Start a new list of found positions.


Loop over the previously found positions.


Consider each possible source siding.


Consider all of the wagons in that siding.


For siding a, consider the other three sidings as a possible destination, otherwise consider siding a as a possible destination.

¿¬‹№§κν μ

Check whether the destination has enough room for the number of wagons being moved.


Create an updated position with the wagons moved to the other siding, plus append the current move, and save that to the list of positions.


Output the moves required to reach the desired position.

I've written a version which is somewhat faster but still only manages to solve 43521 because it cheats and ignores siding c if the input contains no digit above 5. (The above version is so slow that even this optimisation doesn't help it.)


Try it online! Link is to verbose version of code.

The output of this version is not currently in a standard format, so I'll explain it here. Each line consists of a digit and a letter. The letter represents the other siding from or to which wagons are shunted to or from siding a. The digit represents the number of wagons that end up in siding a. Example:

    /12345/678/ Initial position
3b: 123/45/678/ Fill a with 3 wagons from b
0d: /45/678/123 Move all wagons from a to d
2b: 45//678/123 Fill a with 2 wagons from b
3d: 451//678/23 Fill a with 1 wagon from d
2b: 45/1/678/23 Move 1 wagon from a to b
3d: 452/1/678/3 Fill a with 1 wagon from d
1b: 4/521/678/3 Move 2 wagons from a to b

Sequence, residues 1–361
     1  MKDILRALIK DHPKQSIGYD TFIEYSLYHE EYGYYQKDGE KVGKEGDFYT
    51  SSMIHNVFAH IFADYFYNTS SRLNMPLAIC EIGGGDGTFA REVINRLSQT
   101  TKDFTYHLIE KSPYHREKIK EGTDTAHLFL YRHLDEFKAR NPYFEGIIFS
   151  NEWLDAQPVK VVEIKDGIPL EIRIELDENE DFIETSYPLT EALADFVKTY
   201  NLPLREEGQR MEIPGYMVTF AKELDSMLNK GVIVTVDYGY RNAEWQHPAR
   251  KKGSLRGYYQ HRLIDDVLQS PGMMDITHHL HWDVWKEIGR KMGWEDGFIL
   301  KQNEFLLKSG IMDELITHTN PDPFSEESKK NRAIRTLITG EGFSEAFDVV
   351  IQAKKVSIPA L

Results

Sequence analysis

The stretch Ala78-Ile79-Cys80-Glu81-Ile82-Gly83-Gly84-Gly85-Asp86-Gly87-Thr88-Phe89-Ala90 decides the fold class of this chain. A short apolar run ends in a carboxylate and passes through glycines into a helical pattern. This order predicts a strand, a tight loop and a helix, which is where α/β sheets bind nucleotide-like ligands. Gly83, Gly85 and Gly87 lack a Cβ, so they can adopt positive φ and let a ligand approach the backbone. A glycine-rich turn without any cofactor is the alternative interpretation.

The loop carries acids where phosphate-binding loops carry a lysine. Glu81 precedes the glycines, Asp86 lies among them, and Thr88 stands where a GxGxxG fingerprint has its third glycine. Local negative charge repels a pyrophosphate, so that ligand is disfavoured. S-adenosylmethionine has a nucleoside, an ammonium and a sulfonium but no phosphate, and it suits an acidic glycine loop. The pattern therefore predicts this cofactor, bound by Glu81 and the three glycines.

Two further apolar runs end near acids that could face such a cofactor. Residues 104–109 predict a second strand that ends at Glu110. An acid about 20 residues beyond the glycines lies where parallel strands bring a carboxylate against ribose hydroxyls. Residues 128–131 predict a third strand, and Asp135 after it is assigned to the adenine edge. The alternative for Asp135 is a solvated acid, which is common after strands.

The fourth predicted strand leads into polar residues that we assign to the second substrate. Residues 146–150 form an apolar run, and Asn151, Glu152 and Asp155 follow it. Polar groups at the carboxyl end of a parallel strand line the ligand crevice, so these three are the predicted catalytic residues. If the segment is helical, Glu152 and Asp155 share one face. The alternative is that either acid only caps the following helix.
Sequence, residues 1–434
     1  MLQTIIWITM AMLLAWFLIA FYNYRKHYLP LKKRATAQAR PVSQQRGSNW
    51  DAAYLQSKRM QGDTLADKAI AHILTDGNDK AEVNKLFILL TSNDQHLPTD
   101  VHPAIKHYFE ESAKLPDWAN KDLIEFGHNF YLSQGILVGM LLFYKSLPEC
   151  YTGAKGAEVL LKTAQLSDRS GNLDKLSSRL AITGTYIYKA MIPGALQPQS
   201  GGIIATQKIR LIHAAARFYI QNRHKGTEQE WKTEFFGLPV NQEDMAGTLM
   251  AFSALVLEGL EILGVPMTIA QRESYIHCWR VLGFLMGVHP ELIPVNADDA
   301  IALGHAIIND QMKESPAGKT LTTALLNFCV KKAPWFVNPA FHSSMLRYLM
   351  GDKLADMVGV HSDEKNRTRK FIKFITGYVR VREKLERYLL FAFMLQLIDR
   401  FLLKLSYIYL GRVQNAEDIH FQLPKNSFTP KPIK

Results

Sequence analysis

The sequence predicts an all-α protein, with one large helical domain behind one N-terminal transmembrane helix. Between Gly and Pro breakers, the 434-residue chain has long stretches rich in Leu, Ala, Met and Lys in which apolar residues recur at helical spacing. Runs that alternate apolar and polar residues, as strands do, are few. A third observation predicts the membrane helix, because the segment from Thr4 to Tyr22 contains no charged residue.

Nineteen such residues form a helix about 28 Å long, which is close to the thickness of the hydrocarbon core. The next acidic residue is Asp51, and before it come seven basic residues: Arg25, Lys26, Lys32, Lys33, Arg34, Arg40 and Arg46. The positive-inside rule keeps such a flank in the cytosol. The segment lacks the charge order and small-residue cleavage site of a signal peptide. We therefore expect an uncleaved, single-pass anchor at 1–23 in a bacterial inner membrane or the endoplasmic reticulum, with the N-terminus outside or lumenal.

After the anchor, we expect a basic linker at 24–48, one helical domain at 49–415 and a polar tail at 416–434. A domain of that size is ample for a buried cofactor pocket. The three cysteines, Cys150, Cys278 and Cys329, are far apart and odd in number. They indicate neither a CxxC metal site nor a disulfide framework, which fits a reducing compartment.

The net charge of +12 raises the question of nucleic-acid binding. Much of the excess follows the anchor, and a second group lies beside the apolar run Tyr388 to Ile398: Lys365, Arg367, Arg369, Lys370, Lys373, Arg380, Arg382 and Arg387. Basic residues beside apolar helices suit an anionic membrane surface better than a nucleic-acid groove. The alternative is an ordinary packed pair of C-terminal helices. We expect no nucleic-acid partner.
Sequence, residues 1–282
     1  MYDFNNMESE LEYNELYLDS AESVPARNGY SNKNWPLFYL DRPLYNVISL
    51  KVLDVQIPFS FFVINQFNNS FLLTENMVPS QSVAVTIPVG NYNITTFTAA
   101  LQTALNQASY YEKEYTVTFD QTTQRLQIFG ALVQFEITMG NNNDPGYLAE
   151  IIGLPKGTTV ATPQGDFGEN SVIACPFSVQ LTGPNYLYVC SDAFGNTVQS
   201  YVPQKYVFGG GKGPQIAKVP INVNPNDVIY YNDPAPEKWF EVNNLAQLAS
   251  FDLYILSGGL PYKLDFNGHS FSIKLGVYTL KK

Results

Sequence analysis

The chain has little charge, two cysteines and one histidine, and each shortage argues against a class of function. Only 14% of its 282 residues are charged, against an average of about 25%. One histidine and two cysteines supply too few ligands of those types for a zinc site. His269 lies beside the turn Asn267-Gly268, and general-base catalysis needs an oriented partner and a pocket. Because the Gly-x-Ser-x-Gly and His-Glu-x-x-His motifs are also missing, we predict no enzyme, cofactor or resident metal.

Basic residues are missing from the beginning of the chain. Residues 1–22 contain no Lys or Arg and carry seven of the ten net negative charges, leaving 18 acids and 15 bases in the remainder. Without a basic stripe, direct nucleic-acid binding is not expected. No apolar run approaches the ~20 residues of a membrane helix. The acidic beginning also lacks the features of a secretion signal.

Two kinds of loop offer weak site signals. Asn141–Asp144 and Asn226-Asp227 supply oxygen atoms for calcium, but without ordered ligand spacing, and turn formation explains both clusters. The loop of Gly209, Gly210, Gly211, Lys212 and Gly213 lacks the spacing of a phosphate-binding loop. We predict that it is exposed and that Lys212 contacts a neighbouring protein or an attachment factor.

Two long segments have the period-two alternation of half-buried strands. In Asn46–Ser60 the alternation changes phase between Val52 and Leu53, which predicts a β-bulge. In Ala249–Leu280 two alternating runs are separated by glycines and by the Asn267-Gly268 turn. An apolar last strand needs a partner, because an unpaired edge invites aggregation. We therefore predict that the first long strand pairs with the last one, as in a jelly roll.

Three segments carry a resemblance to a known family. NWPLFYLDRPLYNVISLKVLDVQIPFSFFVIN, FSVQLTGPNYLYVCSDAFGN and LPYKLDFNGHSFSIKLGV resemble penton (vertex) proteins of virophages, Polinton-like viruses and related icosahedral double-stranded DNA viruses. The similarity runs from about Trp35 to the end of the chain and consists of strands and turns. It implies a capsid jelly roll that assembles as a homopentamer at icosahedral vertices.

2d: 43/521/678/ Fill a with 1 wagon from d
0b: /43521/678/ Move 2 wagons from a to b

Python3, 1447 bytes:

F=lambda s,e,m:s+''.join(map(str,m))+e
U=lambda x:eval(str(x))
def C(w,m,o,c,e):
 if[]==c:yield w,m;return
 for x in o:
  for i,y in E(c):
   if len(w[x][1])<w[x][0]:W=U(w);M=U(m);W[x][1]=([y if x!=1 else(y,)]+W[x][1]if x else W[x][1]+[y]);M+=[F(W[e][2],W[x][2],[y])];yield from C(W,M,o,c[:i]+c[i+1:],e)
def V(w,m,t,c):
 if w[1][1][:len(j:=[i for i in w[1][1]if type(i)==tuple])]==j:
  for W,M in C(w,m,{0,2,3}-{c},[i for[i]in j],1):
   W,M=U(W),U(M);W[1][1]=W[1][1][len(j):];W[c][1]=(W[c][1][1:]if c else W[c][1][:-1]);M+=[F(W[c][2],'B',[t])];W[1][1]=[t]+W[1][1];yield W,M,1
  if not B:
   for W,M in C(w,m,{0,2,3}-{c},[t],c):yield W,M,0
def f(t):
 if w[1][1]==t:return m
 T=t[:(r:=max(e)+1 if(e:=[i for i in R(5)if t[i]!=w[1][1][i]])else 5)]or t;W=w[1][1][:r]
 while q:
  if[]==T:return M
  if(O:=[i for i in[0,2,3]if W[i][1]and W[i][1][(0 if i else -1)]==T[-1]]):
   for W,M,I in V(W,M,T[-1],O[0]):q+=[(W,M,T[:-1]if I else T)]
   if(O:=[i for i in [0,2,3]if T[-1]in W[i][1]]):
    [c]=O;S=(W[c][1][:1]if c else W[c][1][-1:]);W[c][1]=(W[c][1][1:]if c else W[c][1][:-1])
    for W,M in C(W,M,{0,1,2,3}-{c},S,c):q+=[(W,M,T)]
 return m

Not the shortest solution, and can be golfed further, but produces output moves for all the test cases in 0.2 seconds. For input, it takes a list of the desired car order, and the output is a list with all the moves.

Move notation:

<source siding>[cars moved]<destination siding>

For example, 'B123D' means "move cars 1, 2, and 3 from siding B to siding D.

Try it online!